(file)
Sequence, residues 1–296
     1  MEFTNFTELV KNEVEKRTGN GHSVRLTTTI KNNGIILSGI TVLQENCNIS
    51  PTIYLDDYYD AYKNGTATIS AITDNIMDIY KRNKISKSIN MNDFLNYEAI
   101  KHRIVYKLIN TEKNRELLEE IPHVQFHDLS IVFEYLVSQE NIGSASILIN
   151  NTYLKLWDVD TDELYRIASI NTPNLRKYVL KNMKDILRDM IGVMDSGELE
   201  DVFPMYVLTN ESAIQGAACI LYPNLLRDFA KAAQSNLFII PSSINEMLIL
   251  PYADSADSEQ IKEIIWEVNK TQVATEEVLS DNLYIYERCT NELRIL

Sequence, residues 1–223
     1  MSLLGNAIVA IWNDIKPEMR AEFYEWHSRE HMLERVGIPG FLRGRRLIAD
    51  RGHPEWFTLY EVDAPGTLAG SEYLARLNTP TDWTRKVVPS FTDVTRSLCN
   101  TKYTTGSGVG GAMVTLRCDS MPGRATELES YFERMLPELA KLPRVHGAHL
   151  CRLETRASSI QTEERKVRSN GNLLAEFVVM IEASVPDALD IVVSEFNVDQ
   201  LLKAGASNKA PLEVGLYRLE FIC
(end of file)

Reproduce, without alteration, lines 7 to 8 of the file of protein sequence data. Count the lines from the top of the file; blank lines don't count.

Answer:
   251  PYADSADSEQ IKEIIWEVNK TQVATEEVLS DNLYIYERCT NELRIL

Sequence, residues 1–223